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The line between freelancer and remote employee is blurring, and it’s hurting workers.

It’s no secret that freelancers are a huge asset to businesses. In fact, 78% of companies reported that they are inclined to fill staffing gaps with freelancers in 2023. At best, it’s a mutually beneficial relationship that has long existed in the workforce.

What freelancers are increasingly coming up against, however, are freelance job offers that bleed into employee territory. “I’m hearing on the grapevine that there is more and more of this happening,” says Lindy Alexander, a long-time freelance writer who provides coaching to other freelancers. “So many companies have conflated work-from-home freelancers with an employee that is working from home.”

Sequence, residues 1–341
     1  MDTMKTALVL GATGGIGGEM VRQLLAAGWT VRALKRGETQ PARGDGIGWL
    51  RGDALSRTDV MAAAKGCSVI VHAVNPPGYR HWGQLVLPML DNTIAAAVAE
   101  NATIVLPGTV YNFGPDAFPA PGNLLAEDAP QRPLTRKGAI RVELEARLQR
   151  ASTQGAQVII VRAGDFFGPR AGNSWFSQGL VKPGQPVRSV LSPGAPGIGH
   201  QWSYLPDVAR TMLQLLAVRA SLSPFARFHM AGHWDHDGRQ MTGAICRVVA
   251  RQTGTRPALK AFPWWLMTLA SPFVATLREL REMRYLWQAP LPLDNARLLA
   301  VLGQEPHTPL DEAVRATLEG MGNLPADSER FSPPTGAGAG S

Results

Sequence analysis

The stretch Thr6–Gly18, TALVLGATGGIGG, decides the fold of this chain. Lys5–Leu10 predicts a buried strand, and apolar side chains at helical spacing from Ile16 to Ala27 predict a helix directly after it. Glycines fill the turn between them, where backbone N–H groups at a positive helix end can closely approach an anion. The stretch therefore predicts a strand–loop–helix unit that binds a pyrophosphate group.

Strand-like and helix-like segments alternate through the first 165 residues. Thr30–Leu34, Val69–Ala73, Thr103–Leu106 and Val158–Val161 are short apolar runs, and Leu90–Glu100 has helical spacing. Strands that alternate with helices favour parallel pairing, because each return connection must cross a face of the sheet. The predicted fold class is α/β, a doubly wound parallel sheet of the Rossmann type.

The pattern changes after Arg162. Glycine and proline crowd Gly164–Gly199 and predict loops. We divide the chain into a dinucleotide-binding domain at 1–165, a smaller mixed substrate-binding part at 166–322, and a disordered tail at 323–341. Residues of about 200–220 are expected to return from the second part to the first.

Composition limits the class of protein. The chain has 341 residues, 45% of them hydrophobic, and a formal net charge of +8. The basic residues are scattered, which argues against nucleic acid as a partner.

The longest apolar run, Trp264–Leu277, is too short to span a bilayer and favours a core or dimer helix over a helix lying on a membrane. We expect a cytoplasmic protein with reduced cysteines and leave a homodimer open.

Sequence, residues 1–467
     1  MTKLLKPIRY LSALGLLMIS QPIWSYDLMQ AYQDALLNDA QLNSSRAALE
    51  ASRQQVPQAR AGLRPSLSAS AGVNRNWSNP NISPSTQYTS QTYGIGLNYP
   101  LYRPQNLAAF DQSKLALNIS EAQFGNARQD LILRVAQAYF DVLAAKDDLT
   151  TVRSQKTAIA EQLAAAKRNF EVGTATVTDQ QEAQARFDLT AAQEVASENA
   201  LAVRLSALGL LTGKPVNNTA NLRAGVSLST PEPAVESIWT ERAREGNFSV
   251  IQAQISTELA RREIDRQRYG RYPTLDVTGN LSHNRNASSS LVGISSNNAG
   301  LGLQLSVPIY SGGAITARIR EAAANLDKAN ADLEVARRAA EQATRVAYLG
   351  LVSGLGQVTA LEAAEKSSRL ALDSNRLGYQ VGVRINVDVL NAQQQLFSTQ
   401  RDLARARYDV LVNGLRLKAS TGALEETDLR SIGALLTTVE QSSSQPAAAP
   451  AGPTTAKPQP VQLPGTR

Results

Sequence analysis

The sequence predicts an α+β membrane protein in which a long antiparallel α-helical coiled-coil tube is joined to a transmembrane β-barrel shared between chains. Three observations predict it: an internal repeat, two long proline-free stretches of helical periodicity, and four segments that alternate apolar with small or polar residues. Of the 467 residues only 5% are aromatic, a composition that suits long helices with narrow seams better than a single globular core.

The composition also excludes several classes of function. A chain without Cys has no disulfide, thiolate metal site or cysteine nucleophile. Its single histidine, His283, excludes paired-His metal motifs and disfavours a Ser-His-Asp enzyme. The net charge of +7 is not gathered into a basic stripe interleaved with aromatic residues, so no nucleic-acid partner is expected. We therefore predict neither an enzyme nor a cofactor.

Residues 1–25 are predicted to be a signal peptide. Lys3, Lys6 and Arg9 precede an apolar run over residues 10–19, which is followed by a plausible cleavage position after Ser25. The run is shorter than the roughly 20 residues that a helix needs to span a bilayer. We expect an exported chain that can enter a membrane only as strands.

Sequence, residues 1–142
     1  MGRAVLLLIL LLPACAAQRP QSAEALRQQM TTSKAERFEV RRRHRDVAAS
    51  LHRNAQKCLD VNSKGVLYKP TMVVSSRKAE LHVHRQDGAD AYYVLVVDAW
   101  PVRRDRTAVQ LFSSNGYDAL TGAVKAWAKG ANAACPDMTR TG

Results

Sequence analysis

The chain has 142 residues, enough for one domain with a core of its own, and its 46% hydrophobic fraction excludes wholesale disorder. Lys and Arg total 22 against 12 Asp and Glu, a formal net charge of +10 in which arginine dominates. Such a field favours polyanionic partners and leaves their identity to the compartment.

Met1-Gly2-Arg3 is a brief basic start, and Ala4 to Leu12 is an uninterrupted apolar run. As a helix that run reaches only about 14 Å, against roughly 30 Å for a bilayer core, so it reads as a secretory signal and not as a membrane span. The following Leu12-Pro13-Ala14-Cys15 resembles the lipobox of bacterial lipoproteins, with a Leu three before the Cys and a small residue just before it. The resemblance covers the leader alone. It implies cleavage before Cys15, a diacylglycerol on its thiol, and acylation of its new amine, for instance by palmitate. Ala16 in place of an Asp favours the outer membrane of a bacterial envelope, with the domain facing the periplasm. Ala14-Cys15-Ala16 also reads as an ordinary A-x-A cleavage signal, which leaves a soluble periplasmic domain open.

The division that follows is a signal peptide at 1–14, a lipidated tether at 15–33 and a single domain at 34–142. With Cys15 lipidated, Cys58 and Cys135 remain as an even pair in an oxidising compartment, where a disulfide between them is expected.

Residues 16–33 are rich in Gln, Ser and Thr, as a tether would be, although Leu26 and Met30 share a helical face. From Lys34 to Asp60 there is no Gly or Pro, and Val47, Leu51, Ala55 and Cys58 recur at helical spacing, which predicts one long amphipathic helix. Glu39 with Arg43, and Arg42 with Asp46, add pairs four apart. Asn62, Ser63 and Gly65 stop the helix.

“Freelancers can set boundaries by being proactive in defining their scope of work, rates, and availability from the outset of a project,” says Espinal, who also encourages freelancers to “renegotiate terms [of a contract] if they feel their time or expertise is undervalued.”

So what’s the problem with that? When businesses treat freelancers like employees, they are, intentionally or not, asking them to comply with the obligations of a salaried employee, while assuming the risks and uncertainties of being a freelancer. As companies look to meet the demand for remote work and cut costs, the freelancing community is likely to see more gigs advertised as freelance with all the makings of a full-time position.


If you search for freelance work online, you’ll often find job offers that read something to the effect of “Freelance position: 40 hours a week, must be available 9 a.m. – 5 p.m. EST, location freedom—work from wherever you want!” But what do these jobs inevitably lack? Full-time benefits (like health insurance or 401(k) matching) and workplace protections.

Read the complete article by HALEY HARRISON:

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